The Bar Room Brawl
In the days of my misspent youth, I occasionally entered a pub or a nightclub, sometimes a basement alley bar and even the occasional live music venue.
Obviously, I was there for research purposes, checking out the signs in those establishments to see what worked best. Referring back to my notes I recall that the beer signs were effective … so too the wines. Sometimes the single malt scotch signage was poor and several times the toilet directional signs could be improved!
You probably don’t conduct research on signs the way I do (so diligently!) - so I assume you never had cause to frequent these places –but let me tell you what it was like. Generally it was loud … VERY LOUD. It could be midnight or daylight, hot as blazes or freezing cold, but it was always loud! I found that I had to lean close and cup my hands around someone’s ear, then yell to be heard. I found that short words, as loud as I could make them, worked the best.
When helping clients plan their signage, I sometimes find this is a good reference – because communicating in the modern marketplace can be very similar. You might be one business, bouncing around in a sea of advertising and marketing communication noise where there are strobe lights flashing, people dancing, music pumping and one or two idiots intent on ruining the night for everyone else.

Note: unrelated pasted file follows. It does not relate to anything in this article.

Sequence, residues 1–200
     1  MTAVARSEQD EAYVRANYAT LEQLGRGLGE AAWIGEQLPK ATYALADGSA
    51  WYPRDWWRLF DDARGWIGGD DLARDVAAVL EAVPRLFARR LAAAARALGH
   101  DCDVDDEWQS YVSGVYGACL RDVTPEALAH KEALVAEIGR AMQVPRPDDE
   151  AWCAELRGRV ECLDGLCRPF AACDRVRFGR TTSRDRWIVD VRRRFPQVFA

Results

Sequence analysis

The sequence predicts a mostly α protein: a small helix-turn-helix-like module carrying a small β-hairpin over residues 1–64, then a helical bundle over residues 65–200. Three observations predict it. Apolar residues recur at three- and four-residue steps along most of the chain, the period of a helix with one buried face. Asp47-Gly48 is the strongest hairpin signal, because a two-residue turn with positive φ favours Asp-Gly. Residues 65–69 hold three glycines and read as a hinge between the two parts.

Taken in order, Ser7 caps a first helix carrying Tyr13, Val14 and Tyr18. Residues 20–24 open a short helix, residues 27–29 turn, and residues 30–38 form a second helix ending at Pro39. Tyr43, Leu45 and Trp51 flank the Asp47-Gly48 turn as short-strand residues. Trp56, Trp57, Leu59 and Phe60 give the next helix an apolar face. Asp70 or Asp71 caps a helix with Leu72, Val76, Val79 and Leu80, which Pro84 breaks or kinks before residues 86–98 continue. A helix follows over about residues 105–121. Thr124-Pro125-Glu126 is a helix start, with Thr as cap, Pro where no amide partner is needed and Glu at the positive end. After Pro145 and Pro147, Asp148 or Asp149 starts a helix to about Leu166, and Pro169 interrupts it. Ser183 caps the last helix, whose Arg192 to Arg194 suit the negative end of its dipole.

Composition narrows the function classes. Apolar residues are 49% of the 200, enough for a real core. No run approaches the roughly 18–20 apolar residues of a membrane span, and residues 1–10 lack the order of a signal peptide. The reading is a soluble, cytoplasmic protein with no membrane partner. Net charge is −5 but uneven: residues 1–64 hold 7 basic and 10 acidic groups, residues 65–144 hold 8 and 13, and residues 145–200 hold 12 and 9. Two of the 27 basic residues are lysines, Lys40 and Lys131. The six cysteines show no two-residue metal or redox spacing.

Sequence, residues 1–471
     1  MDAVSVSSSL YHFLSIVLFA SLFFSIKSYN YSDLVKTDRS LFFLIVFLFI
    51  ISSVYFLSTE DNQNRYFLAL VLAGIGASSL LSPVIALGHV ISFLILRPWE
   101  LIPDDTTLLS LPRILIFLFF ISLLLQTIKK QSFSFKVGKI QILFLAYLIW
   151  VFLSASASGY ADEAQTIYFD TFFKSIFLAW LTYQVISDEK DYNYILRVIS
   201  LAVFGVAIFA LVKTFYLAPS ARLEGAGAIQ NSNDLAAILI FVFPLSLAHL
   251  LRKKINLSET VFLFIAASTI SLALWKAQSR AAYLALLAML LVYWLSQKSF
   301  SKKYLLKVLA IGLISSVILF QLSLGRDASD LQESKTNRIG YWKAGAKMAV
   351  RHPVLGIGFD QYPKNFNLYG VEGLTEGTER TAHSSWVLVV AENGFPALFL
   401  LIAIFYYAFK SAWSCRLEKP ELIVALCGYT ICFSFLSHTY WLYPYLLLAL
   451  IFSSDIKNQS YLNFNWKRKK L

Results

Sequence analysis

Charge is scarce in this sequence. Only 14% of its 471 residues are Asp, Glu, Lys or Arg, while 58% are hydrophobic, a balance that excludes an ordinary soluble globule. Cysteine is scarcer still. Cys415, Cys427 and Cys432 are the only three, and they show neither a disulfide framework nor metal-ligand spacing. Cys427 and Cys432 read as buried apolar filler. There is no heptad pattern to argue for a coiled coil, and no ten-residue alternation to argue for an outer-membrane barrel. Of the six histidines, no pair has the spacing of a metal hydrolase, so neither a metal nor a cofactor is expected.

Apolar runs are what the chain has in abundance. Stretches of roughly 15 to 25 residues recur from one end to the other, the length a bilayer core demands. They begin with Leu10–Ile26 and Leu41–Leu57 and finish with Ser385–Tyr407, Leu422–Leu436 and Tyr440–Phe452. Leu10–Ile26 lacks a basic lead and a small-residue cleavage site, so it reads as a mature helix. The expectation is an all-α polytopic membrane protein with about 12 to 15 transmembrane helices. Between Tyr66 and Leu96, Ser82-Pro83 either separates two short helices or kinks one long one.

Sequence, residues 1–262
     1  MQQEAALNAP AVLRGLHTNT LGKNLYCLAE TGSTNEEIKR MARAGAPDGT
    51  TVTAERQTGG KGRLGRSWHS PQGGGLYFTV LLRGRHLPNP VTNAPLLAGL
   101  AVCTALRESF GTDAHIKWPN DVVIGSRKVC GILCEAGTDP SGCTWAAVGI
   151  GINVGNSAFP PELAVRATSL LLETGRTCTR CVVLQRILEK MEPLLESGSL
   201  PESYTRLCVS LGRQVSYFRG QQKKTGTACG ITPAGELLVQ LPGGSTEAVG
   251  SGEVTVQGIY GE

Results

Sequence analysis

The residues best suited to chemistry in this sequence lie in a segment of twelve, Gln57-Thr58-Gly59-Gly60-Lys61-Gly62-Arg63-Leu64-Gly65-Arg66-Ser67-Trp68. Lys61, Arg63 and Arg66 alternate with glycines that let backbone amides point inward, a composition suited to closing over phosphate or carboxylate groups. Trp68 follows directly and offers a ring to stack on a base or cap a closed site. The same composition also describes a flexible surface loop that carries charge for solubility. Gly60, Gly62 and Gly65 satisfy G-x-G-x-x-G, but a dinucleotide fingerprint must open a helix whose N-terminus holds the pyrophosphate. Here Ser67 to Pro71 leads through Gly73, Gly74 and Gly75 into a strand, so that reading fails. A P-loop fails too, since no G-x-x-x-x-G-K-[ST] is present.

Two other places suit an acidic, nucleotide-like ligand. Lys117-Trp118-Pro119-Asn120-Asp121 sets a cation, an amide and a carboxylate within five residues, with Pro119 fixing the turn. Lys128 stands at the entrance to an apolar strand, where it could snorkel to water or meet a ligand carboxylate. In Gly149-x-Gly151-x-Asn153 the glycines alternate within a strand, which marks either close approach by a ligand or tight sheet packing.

- In your marketplace are there lots of people jostling for space?
- Are there some people with microphones who seem able to dominate the space?
- Are there crazy people doing stupid things which distract your target audience when you’re trying to talk to them?
- Does it sometimes feel like a respectable conversation is way too hard?
Unfortunately, this is not just a silly story – it’s the reality of communicating in the frantic world of day to day business. If you’re trying to communicate into that space, and you want to be heard, you can take some lessons from the bar room brawl analogy.
If you’re planning signage in a “noisy” environment and you want people to hear you:
How could you make your sign “louder?” Could it be bigger?
What might a “loud” design be. Strong designs help you stand out in visual space. (Hint: sometimes less is more – talk to an experienced designer if you need help here.)
-Use as few words as possible
In a noisy bar, you can’t communicate subtle nuances of thought with a drawn out monologue. As a general signage principle – and especially in a noisy environment: use … less … words.
Remember loud doesn’t always equal beautiful. Being heard in a basement nightclub is never a delicate thing, but you can take bright colours, patterns, crazy fonts and outlines too far! You may need to consider a level of trade-off between aesthetic elegance and raw power, but loud doesn’t always mean you should copy the patterns off your urban wear from the early 80s either. Talk to a good designer if you’re unsure, but you need to find a balance where you do include strong strong visual elements, but you don’t simply make it too hard to ready your sign.
So to get the best result from your signage, consider how noisy the environment is where you’re trying to communicate, and look for a way to cut through the noise and be heard.